Three Useful Phrases for Kaizen

Finding myself in challenging discussions while coaching “change adverse” individuals from time to time, I try to make myself humble and ask “What would sensei do in this situation?” I cycle through the words and actions of Mr. Nakao, Mr. Nagata or Mr. Shimbo of the Shingijutsu Company. Usually I can select an appropriate approach.
Catching myself doing this lately I realized there are three basic phrases that if used in combination and with a measure of respect, almost never fail to move the discussion in a positive direction. These three are “Show me” “Why?” and “Just try it.”
“Show me” is a good way to move the discussion out of the meeting room and to the factory, the evidence, and the facts. The “genchi gembutsu” (go see the facts) approach almost always clears up misunderstandings, exposes the truth (or truths), and focuses the discussion on what matters.
The “Why?” phrase is an opener to the 5 why root cause analysis process. There are three typical outcomes of the 5 why process. The first is the very simple and practical actions to address the known root cause of the problem. The kaizen activity can be tested and the results of the test will be visible.
The second is the unknown or invisible root cause. There may be multiple interacting factors, or it may not be visible, such as a transactional process. This is where you can use a Design of Experiments or call in your Six Sigma Black Belts.
The third type of root cause is systemic, structural, or strategic and points kaizen activity away from the Gemba to the office processes and executive suite. These are useful for elevating the issue and expanding Lean implementation beyond the factory.
If the managers in question are reluctant to go to the Gemba, can not or will not show you the facts, this says an awful lot about their position in the debate. It is probably not based on fact. The “Why?” question can come in handy again here.
Even after you have used the “show me” phrase and then the “why?” questions have identified the actionable root cause, people don’t always act. At this point only evidence can trump mistaken convictions. So you can say “just try it”. It’s only a test. If it doesn’t work, we can switch it back, or try something else.
Sure it takes a degree of authority to get away with using such a limited vocabulary in trying to convince smart and experienced people. Without a certain degree of respect and credibility it’s very difficult to lead change in any environment. I’ve found that when leading change it’s actually easier to use fewer, simpler phrases than to throw around a lot of fancy jargon.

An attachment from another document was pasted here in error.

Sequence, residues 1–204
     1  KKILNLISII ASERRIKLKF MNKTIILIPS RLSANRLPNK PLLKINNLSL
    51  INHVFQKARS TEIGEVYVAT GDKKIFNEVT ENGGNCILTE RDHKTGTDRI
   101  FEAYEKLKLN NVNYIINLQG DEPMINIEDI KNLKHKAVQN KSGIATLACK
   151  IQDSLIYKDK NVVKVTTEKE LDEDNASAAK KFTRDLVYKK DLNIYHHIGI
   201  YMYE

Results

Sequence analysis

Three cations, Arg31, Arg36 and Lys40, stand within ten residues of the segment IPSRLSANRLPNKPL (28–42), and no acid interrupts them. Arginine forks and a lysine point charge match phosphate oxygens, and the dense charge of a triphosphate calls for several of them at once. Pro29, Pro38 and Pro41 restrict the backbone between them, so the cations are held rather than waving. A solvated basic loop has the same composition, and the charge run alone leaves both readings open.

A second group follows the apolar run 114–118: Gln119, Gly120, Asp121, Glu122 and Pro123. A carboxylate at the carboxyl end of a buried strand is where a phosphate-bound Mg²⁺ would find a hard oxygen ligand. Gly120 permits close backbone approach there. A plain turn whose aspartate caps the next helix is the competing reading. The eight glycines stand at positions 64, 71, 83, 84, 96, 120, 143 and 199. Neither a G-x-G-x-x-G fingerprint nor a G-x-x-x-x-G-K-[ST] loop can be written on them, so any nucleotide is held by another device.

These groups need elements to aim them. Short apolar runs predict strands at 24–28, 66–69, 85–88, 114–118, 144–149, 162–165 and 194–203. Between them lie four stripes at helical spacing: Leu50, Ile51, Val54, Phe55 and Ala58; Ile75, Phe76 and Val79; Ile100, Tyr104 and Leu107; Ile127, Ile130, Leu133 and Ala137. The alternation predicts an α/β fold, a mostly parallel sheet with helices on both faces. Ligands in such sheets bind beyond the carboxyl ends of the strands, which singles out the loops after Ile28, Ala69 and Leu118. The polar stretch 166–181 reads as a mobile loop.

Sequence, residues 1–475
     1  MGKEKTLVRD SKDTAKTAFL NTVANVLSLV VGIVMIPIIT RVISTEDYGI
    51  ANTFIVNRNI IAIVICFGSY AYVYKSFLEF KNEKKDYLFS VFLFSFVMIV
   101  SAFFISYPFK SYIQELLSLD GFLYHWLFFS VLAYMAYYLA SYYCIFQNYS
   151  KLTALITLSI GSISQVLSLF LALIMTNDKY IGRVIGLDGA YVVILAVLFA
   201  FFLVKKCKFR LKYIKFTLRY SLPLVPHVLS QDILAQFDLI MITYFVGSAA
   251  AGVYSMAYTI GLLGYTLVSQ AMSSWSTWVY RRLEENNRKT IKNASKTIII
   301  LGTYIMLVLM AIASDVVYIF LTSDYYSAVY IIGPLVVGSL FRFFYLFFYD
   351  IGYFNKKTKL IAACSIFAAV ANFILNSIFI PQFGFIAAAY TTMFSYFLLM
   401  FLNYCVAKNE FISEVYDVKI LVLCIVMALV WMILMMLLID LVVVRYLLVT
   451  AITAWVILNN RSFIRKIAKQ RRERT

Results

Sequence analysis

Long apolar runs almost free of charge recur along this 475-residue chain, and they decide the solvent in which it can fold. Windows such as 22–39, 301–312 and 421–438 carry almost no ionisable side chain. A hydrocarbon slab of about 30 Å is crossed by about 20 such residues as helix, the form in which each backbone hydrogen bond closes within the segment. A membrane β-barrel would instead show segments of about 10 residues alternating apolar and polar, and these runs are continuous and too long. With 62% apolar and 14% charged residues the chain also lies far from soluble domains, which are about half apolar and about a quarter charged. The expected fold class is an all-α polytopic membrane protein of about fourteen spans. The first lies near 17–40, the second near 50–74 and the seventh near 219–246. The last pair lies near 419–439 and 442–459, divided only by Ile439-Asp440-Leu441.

Start with humility, the willingness to admit when you are wrong, and the confidence that the kaizen process will help you meet your goals. Then listen until you find the right time to use the three phrases.

9 Comments

  1. Mateus

    January 22, 2010 - 8:36 am

    Hi There,
    I´m from Brazil and I´m just starting a Lean Journey throught a Corrugated Sheet and Carton Sector Inddustry.
    Thanks for all you information!
    Mateus

  2. Ramy Asfour

    February 4, 2010 - 2:52 am

    Hi
    I’m from Egypt and I’m just starting a Lean Journey through M/V Cables Industry.
    Thanks you !

  3. menkir

    February 13, 2010 - 12:44 am

    hey there. Is there any body who knows KAIZEN implemented in technical schools?

  4. Drew Burke

    March 13, 2010 - 5:19 pm

    Hi,
    My company and I have attended several KAIZEN events. We are eager to learn as much as possible to improve our company in Minnesota. Thanks for the information, it has helped me gain a better grasp on KAIZEN practices.
    Here is my company, if you’re interested: Seelye Craftsmen Co.

  5. Joe Qiao

    March 21, 2010 - 11:17 pm

    Hello
    I come from China,thank you for your share.

  6. Dhaynesh.G

    May 26, 2010 - 12:30 am

    Nice Details , Thanks from India

  7. Samuell Yew

    June 16, 2010 - 8:25 pm

    Hi, I am from Malaysia, I find these three phases very useful because it inculcate on the process owners the ownership of the process. Show me and why implies that this is within the ownership of the process owner. Just try it implies now empowerment granted to the process owners. This is a good approach to making Kaizen works when ownership is well defined. The purpose of Kaizen is not only the changes but the sustainability before next improvement.

  8. John Hunter

    July 20, 2010 - 7:51 pm

    Great stuff. Simplicity works. You don’t need fancy new trademarked management systems. Asking why, asking to see, experimenting on a small scale (and letting and encouraging people to) is great.
    I also always love to see mentions of Design of Experiments. This tool is a great, powerful and underutilized. One of the best things about six sigma is the increased use of Design of Experiments it has brought to some organizations.

  9. James

    October 22, 2013 - 8:39 am

    Do you have more information on Mr. Shimbo? I have heard of Mr. Nakao and Shingijutsu, but have not heard of Mr. Shimbo.